Starbucks is known for lots of things: great coffee, friendly baristas, and a near-complete takeover of practically every street corner in America. Did you know it’s also known for it’s killer social media strategy? It’s true! Take a look at some of these stats! ● 37.32 million Facebook likes ● 6.56 million Twitter followers ● 2.98 million(…)
The online marketing space is always in flux, and the last two years have seen a significant investment by brands to drive engagement inside many properties, including Facebook and YouTube. This influx of advertising money contributes significantly to the bottom line of these websites, especially Facebook, but marketing spends have a habit of moving around. Recent research from the Jun Group suggests the trend is moving away from engagement inside social networks and back towards brand owned digital properties.
The key findings of the research show that between them, Facebook and YouTube “accounted for a combined 69% of all actions taken after brand campaigns in 2012″, but the corresponding figure for the end of 2013 has seen that engagement drop to 30%. That engagement has to go somewhere and the percentage of brand messages pointing back to the brand’s own property has risen from 28% to 61% in the same period.
Mark Zuckerberg’s social network has been actively pushing brands and marketers to see Facebook as a ‘paid for’ channel during 2014, so this change is not happening in a vacuum.
Part of this can be put down to the maturing nature of social networks. Now the gold rush is over and brands are established players, marketing switches away from gathering likes and followers to directing these users back out of the social network maze towards the home pages and splash landing pages of the brands.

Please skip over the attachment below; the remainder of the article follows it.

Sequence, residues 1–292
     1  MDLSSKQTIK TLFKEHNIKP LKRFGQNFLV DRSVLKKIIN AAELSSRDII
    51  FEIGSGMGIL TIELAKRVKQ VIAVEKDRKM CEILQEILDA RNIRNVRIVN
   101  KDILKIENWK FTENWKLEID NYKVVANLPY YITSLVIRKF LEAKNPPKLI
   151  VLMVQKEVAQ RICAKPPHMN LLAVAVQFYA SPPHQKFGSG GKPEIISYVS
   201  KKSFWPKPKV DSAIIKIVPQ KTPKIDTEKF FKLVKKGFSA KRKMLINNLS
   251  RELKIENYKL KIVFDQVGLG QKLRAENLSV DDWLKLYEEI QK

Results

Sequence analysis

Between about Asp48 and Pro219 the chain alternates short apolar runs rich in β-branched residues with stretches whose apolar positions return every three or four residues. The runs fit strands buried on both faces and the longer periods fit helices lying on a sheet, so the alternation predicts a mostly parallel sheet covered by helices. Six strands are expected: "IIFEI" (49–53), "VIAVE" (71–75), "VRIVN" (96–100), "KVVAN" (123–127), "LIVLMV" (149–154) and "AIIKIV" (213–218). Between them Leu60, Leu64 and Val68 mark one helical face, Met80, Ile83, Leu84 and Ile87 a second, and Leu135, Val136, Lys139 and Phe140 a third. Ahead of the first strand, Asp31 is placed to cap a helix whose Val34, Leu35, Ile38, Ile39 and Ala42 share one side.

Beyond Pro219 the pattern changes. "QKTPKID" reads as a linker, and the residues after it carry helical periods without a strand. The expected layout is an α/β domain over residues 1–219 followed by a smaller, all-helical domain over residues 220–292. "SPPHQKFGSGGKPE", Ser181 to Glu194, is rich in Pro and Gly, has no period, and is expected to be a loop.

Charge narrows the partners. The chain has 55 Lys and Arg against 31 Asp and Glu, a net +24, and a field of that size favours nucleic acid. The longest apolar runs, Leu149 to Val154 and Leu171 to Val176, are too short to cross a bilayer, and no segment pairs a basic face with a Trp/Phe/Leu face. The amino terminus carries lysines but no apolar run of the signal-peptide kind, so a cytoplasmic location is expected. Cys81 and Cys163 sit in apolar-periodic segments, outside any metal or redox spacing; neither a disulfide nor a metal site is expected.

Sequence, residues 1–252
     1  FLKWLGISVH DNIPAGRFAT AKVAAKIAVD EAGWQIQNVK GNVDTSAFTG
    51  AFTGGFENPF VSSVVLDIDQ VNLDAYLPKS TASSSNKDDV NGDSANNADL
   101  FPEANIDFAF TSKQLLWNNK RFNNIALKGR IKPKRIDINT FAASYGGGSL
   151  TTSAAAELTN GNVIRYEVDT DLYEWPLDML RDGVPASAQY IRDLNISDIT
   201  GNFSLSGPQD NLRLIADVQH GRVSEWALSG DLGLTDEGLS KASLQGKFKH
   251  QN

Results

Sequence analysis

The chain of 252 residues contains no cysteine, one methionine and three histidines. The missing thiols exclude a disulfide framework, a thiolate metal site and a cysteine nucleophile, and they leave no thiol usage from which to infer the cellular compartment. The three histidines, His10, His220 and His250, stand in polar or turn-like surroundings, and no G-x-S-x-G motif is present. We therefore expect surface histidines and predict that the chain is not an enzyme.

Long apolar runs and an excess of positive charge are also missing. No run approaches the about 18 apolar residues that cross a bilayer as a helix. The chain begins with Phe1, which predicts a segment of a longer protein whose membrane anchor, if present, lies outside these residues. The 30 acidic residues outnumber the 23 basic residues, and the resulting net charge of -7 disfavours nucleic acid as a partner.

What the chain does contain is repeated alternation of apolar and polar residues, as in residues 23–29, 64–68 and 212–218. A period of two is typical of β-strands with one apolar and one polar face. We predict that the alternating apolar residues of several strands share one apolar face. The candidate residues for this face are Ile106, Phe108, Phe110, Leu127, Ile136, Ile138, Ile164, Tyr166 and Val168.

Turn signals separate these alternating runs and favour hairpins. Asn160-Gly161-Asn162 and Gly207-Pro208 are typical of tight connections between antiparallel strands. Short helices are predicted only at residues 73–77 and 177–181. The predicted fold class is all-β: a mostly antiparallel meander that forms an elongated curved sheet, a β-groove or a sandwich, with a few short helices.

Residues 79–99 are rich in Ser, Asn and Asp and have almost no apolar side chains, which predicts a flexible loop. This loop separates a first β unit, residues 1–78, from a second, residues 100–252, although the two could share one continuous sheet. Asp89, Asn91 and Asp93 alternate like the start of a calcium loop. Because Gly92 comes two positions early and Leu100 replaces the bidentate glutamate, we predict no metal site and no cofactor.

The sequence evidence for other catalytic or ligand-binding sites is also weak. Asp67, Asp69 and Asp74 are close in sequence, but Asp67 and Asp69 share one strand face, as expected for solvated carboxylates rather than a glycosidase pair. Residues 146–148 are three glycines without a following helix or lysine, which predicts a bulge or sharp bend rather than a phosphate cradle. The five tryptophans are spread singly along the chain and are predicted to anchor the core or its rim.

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Everyone who has texted or spent even a tiny amount of time on popular social media sites knows how the internet has seemingly lowered the standards of spelling and grammar across the board. Random typos, acronyms, and memes prevail across platforms – and we are all constantly at the mercy of auto-correct regardless of how carefully we type.
With everyone from your boss to your grandparents using abbreviations such as “u” for “you” and “tmrw” for “tomorrow” and internet terms like lol and btw, it may seem like the internet, texting, and social media are changing the way we use language. And as some may be asking themselves, has the internet killed grammar?
“Internet Speak” And Its Impact On Digital Brand Management
For business owners, advertisers, and marketers, the effect of the internet on grammar and spelling reaches further than many expect. It goes beyond personal communications and being slightly irked at random typos and errors that one may come across while perusing the web; how a brand communicates and connects online is a reflection of the company itself, and that includes using certain types of languages on various social and digital platforms.
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I’m impressed by the new Twitter analytics dashboard but I’m also a little concerned about what it might do to the way we tweet.
Among various charts and graphs, the dashboard – currently available to verified, and some unverified, users – gives a presumably accurate count for how many people have seen your tweets. Meanwhile, an ‘Engagement’ figure for each tweet counts clickthroughs to profile pages, clicks on hashtags, retweets, replies, link clicks and the like.
This is incredibly powerful data for social media marketers, but could we be spoiled by it as individual users?
I’ve bookmarked my analytics page and will no doubt check it regularly to see how I’m ‘performing’ but it’s data I might be better not knowing. I can imagine a near future where a lot of the human touch of Twitter is stripped away as users regularly check their stats, seeing what tweets are most popular and tweaking their ‘strategy’ to get more ‘engagement’ and reach a wider audience.
Imagine the ‘and-you’ll-never-believe-what-happened-next-ization’ that has affected online publications in recent times spreading to stats-hungry individuals. “I’ve just eaten a sandwich” replaced by “I’ve just eaten a #sandwich. Here’s a picture of it. Tell me about your favorite sandwich!”
Think that scenario’s unlikely? I’ve already seen people share their total monthly tweet impression counts. It’s like video games – who doesn’t want to get a higher score? Sure, we’ve had retweet and Favorite counts for some time (and some people’s tweets are definitely influenced by those), but the new analytics take data about our personal Twitter accounts to a whole new level. Even if we don’t deliberately change the way we tweet, subconciously it could be a different story.
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